While online reviews can be a dream come true as an easy way to increase your client base for your massage therapy practice, it can also prove to be a nightmare if you make common mistakes regarding them. Here’s a look at what not to do regarding online reviews:
Don’t mistakenly think they are not important.
You run a client-centric business. While you might also sell scented vanilla candles and minimalistic music CDs, the underpinning of your business is the service you provide as a massage therapist. In a 2013 BrightLocal Local Consumer Review Survey, consumers shared that 79% trust online reviews as much as personal recommendations. This statistic affirms that both positive and negative reviews have a hefty influence on whether or not a customer will try a new company, product, or service. Positive reviews may bring brand new clients to your massage therapy practice while negative reviews can stop them from even contacting you for additional information about your services. Consumers are forming these opinions quickly, reading less than 7 reviews before drawing conclusions; therefore it’s essential that you know what people are saying about your business. Review your reviews. Stay on top of what others are writing about your business!
Don’t be a passive bystander.
Whether the review is neutral, positive, or negative, respond to the comments posted. Provide non-defensive, professional responses, explanations, and/or feedback to each post. As the owner of any customer-focused business, you’re bound to get a complaint or two throughout the years you are in business. The massage therapy industry is no exception. While most of the time a negative review will come from someone who is already having a bad day (and you just happened to be next on their schedule), you still need to respond in a professional manner ~ so don’t respond while you are angry! Thank the reviewer for taking the time to post a comment and then address their concern or complaint and write about how you solved it. If you weren’t privy to any problem until you read it online ~ explain that. Thank them for bringing it to your attention and provide a solution.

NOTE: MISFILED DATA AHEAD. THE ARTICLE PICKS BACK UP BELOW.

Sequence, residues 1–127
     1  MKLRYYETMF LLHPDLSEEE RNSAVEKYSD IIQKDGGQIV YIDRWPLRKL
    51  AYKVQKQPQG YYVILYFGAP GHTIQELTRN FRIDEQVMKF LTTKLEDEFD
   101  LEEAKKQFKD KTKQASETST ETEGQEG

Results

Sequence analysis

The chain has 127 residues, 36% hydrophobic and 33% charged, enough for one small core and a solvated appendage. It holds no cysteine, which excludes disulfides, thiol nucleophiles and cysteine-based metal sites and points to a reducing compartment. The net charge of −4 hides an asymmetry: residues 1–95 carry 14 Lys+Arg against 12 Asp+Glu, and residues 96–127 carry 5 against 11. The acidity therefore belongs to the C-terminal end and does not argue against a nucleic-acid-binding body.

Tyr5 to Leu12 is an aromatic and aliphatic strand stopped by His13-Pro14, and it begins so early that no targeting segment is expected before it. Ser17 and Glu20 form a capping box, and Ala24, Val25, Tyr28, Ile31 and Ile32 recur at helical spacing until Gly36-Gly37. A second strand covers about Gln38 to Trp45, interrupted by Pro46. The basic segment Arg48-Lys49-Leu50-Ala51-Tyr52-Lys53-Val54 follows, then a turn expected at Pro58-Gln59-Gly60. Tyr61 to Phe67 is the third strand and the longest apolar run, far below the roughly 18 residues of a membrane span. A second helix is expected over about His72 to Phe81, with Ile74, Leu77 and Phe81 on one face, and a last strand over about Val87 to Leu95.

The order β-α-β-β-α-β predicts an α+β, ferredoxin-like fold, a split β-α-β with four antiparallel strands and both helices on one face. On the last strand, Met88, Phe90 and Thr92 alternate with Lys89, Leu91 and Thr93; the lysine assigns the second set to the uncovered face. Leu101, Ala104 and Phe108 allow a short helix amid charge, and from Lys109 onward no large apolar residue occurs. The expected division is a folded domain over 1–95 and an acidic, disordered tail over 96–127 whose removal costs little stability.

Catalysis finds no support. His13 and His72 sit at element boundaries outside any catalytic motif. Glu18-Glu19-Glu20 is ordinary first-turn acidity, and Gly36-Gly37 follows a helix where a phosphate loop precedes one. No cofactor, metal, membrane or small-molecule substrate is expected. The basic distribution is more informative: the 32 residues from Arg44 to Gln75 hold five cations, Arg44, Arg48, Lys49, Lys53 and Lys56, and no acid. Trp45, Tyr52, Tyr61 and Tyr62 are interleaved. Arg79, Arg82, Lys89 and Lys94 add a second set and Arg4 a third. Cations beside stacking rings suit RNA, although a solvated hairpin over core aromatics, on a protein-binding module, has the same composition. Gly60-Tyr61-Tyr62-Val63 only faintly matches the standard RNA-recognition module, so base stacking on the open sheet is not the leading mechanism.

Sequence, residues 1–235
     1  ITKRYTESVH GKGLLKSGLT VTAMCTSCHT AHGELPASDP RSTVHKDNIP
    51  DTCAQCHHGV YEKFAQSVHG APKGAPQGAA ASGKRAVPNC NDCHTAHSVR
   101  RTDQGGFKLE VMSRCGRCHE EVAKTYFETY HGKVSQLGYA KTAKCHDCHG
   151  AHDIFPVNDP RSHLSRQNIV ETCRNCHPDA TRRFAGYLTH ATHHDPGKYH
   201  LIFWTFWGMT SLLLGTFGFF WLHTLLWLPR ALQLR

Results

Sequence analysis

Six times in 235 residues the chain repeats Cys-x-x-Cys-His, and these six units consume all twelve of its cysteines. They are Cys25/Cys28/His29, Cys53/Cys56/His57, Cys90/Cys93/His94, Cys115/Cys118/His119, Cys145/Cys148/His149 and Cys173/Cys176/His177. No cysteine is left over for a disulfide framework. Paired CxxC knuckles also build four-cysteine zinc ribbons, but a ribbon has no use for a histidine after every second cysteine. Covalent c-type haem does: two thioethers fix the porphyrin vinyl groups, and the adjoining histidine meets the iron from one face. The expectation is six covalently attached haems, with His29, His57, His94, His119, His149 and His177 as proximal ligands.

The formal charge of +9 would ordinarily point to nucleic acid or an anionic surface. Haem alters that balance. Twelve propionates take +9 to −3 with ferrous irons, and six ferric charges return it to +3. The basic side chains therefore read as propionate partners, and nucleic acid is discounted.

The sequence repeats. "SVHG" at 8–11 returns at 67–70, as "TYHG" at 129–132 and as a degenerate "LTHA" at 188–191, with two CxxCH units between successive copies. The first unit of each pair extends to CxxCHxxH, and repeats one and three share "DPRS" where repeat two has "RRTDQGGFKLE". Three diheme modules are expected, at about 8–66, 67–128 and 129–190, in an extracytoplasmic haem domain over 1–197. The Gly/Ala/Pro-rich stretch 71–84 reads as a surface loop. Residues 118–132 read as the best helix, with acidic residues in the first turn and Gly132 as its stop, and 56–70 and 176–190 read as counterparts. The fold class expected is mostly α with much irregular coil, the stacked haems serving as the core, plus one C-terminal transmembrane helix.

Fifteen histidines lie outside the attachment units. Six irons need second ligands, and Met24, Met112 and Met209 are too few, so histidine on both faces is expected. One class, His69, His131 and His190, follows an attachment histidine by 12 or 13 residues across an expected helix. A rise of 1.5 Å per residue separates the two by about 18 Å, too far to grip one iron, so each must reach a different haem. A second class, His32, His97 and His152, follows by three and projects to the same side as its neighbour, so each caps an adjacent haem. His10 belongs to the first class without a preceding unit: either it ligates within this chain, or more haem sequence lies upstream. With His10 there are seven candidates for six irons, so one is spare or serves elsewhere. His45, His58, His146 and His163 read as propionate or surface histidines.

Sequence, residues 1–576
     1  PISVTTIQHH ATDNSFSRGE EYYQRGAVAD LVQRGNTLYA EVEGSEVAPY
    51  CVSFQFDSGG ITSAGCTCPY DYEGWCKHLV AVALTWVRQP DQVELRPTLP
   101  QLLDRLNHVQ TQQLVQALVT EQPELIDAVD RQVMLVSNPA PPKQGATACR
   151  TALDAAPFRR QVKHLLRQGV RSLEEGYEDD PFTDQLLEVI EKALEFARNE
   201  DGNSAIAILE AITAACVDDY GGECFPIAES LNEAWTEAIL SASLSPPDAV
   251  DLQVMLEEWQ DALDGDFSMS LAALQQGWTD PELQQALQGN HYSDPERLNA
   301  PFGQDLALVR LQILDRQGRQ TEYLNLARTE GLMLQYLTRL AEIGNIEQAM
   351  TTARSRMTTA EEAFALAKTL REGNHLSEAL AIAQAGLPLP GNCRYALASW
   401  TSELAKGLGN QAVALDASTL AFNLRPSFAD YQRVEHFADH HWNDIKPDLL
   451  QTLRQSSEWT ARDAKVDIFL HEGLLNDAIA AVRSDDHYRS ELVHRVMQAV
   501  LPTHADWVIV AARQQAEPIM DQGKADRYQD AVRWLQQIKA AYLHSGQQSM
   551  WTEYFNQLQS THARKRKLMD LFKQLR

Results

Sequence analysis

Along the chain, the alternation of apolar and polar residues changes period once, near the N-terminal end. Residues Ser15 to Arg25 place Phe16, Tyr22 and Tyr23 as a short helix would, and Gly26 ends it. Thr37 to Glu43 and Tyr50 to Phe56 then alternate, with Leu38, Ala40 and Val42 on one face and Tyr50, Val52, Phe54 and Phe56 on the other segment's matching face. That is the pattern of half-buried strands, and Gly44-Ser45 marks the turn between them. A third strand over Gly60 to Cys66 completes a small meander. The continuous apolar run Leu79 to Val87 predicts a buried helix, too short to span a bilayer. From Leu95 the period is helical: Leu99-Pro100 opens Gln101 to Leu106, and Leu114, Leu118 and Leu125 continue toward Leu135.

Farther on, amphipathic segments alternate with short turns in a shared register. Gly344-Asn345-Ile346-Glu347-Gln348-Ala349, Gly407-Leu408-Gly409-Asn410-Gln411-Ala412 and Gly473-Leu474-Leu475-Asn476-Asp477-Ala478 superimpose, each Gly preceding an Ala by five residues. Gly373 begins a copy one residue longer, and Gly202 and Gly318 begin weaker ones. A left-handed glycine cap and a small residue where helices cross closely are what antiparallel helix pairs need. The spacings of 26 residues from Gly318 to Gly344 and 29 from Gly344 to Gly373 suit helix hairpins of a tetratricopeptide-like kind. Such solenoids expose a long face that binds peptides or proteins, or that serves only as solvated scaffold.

Don’t forget to ask.
There’s nothing wrong with asking clients to take a moment to write a review about his/her experience at your massage therapy practice. Many, many companies in various industries do it ~ including doctors! In fact, with the change in healthcare these days, a doctor’s compensation and earning potential will be affected by his/her patient reviews and good clinical outcomes. Research shows that consumers tend to develop more trust in the business when there are a lot of reviews. Encourage customers to leave reviews!
Don’t take negative reviews too personally.
If something significant happened during a client visit that would warrant a negative review, chances are you are already aware of it and handled it at your practice. If, however, you discover online that one of your customers was upset about the long wait, or that you were out of tea, or that he/she was cold during the session, don’t let it ruin your day. Acknowledge it, address it, and Fuhgettaboutit! While it’s common knowledge that most customers are more likely to take the time to report a bad experience than leave a compliment, remember that you can learn from negative reviews and implement changes to avoid having the same mistakes made twice!
Don’t immediately respond to a negative review.
Never respond angrily to a negative review; it will only add fuel to the fire. Read the review and then respond later ~ when you can be objective. Being professional and courteous will show potential customers and other readers that you are not only fully engaged in your business, but also that you take every person’s feedback into consideration without becoming defensive.
Don’t write a rave review about yourself.
A fake review is just that, fake. Many review sites can detect the fake reviews and will end up removing them. Although tempting, this act must be avoided. It not only breaks the spirit of the review sites, but also does not help your business in the long run because you will never be able to draw any conclusions from fictitious reviews.
Don’t pay for good reviews.
Offering money, goods, discounts, freebies, and any other products for a good review is bribery; this is unethical and should never take place. There is, however, an exception to this! If you want to reward your customers who take the time to write an honest review of their experience at your massage therapy practice ~ well, that’s different! By thanking them with a gift you are simply telling them how much you appreciate them taking the time to write their review, vs bribing them to write only what you want! Chances are, the review will be awesome still!
- Author: Mark Volkmann
- Published: December 16, 2014